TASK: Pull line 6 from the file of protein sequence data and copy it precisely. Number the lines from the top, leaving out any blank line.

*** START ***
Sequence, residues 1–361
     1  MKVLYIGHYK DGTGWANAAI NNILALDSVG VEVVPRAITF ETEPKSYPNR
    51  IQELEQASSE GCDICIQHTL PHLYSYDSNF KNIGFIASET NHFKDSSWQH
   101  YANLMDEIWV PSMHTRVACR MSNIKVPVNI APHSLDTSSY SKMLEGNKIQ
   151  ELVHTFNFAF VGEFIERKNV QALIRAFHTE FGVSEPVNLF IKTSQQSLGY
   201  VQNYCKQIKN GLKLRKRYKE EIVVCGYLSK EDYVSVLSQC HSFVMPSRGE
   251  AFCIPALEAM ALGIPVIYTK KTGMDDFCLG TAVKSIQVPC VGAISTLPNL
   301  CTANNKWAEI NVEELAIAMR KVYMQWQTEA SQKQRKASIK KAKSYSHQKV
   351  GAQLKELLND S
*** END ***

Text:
   201  VQNYCKQIKN GLKLRKRYKE EIVVCGYLSK EDYVSVLSQC HSFVMPSRGE